The New Zealand government is currently considering major reform of the country’s tax system and recently set up a Tax Working Group to make recommendations.
  • Should we have a capital gains tax?
  • Should we have a land tax?
  • What should be done to incentivise small business?
  • What should be done to protect the environment?
  • Should fruit and vegetables be excluded from GST?
  • Should there be a tax on sugary drinks?
Michael’s recommendations are:
  1. If we introduce a capital gains tax, it should be as simple as possible.
A capital gains tax should not apply to the family home.
  1. We should not introduce a land tax.
  1. Incentives for small business could include:
  • No tax on gains made on the sale of small businesses, whether incorporated or not.
  1. We should introduce an emissions tax.
Emissions trading schemes don’t work.
A tax on emissions would be better.
It would have to exclude exports.
  1. We should not introduce any new GST exclusions
New Zealand’s GST is currently the best value-added tax in the world.  Problems with GST exclusions include:
  • They don’t make much difference to affordability.
  • The largest savings go to the richest consumers.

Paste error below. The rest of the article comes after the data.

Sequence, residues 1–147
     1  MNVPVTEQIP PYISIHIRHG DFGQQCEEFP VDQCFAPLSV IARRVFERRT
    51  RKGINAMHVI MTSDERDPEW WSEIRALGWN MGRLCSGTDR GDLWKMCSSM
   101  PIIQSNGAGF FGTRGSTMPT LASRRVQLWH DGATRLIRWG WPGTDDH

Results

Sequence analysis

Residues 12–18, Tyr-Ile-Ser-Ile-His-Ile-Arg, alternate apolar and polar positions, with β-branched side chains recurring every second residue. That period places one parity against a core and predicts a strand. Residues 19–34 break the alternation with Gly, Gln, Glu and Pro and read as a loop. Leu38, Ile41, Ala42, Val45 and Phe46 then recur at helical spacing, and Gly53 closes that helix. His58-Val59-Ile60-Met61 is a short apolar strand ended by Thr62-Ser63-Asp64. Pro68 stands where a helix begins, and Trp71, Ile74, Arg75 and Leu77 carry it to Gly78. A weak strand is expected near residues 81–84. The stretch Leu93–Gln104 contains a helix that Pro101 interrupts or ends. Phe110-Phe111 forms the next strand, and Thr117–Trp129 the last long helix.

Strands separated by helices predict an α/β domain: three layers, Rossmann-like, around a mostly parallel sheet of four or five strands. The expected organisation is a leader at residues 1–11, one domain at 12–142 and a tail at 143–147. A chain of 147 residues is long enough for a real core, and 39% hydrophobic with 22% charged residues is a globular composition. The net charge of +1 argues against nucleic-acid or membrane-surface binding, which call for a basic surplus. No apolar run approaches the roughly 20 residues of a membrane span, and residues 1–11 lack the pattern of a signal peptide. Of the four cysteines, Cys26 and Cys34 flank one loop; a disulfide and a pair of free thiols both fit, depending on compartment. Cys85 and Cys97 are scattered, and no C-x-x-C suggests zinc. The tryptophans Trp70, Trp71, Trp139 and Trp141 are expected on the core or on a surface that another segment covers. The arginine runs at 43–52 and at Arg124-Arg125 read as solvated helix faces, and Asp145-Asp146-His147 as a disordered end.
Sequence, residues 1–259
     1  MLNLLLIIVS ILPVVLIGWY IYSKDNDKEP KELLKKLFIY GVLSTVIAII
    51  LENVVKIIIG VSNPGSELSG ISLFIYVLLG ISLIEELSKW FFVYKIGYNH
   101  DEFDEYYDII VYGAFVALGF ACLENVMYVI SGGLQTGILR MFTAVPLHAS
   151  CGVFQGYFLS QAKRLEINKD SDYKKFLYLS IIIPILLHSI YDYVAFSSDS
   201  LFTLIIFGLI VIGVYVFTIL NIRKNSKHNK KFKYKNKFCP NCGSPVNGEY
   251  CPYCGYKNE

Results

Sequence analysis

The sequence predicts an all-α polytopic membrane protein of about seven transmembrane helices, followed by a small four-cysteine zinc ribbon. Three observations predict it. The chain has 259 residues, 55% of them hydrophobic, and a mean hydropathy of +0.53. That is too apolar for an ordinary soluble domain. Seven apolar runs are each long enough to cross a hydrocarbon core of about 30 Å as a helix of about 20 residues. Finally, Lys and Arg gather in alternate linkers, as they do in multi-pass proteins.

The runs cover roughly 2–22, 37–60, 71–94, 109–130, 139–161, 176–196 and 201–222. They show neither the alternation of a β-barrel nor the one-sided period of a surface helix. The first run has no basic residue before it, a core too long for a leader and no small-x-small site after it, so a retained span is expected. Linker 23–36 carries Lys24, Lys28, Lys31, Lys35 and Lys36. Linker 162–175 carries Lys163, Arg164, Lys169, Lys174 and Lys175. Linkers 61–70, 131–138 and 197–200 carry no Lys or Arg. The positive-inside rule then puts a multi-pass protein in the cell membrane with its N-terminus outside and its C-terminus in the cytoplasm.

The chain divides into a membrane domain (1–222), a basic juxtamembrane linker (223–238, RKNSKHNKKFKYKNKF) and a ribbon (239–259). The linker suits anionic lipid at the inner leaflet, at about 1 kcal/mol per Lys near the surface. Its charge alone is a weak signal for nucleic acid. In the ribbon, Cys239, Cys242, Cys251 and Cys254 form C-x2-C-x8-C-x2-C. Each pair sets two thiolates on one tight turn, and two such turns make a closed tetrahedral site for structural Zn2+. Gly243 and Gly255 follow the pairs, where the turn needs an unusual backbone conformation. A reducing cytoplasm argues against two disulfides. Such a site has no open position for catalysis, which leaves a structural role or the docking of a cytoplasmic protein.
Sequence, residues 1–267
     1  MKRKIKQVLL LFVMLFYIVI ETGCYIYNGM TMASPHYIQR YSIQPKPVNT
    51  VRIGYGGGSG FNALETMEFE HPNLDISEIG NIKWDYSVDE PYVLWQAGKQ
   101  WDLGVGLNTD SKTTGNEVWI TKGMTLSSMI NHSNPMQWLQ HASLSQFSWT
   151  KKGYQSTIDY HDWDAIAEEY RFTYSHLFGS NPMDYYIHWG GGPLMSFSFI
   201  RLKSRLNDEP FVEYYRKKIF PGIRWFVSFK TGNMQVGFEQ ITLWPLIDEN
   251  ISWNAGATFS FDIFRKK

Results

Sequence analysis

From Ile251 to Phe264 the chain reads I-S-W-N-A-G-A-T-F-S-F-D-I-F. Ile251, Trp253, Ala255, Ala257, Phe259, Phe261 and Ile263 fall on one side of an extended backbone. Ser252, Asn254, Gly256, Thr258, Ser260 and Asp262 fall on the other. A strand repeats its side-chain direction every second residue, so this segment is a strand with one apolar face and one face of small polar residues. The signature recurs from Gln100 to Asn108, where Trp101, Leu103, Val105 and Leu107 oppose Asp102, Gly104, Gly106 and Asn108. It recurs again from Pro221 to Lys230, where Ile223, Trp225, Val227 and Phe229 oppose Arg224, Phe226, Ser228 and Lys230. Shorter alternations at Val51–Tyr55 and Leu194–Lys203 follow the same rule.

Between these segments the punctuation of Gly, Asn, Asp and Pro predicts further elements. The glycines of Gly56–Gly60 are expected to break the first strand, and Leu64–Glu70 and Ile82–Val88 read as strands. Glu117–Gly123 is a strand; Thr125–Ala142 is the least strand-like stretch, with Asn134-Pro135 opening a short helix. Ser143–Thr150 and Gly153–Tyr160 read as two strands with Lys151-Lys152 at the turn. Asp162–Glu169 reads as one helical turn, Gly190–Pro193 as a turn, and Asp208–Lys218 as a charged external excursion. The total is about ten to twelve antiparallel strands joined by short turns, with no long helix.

• A subsidy would be better.
      6. We should introduce a sugary drinks tax
  • Medical opinion is unanimous on the harmfulness of sugary drinks.
  • A tax wouldn’t solve the problem but it would ameliorate it.
  • Should be charged on all fizzy drinks with more than 2% sugar.
  • Rate of tax: $1 per litre.
Ken Palmer thanked Michael for his very interesting presentation.  Ken commented that if a capital gains tax is proposed by the Tax Working Group on all property other than the main residence, it could become a big election issue.  National are opposed to a capital gains tax, as could be all property investors.  The position with farm land could result in a huge negative response from every farmer in NZ.  This could result in Labour losing the next election regardless of the fairness of the tax.